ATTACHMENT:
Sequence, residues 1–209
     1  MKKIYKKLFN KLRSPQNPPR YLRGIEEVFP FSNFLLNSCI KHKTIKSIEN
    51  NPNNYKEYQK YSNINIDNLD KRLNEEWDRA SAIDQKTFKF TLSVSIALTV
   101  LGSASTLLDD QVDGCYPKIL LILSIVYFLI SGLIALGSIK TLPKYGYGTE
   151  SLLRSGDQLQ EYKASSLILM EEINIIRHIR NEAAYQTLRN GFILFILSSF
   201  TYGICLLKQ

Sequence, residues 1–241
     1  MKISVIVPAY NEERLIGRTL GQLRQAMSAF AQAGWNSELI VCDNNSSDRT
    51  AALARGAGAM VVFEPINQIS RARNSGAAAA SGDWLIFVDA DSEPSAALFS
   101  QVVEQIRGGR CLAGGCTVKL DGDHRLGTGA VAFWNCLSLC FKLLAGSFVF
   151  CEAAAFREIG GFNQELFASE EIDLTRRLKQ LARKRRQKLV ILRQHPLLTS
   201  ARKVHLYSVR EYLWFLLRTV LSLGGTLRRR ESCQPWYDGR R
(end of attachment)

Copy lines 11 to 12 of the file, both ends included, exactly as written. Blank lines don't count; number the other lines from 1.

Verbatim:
   151  CEAAAFREIG GFNQELFASE EIDLTRRLKQ LARKRRQKLV ILRQHPLLTS
   201  ARKVHLYSVR EYLWFLLRTV LSLGGTLRRR ESCQPWYDGR R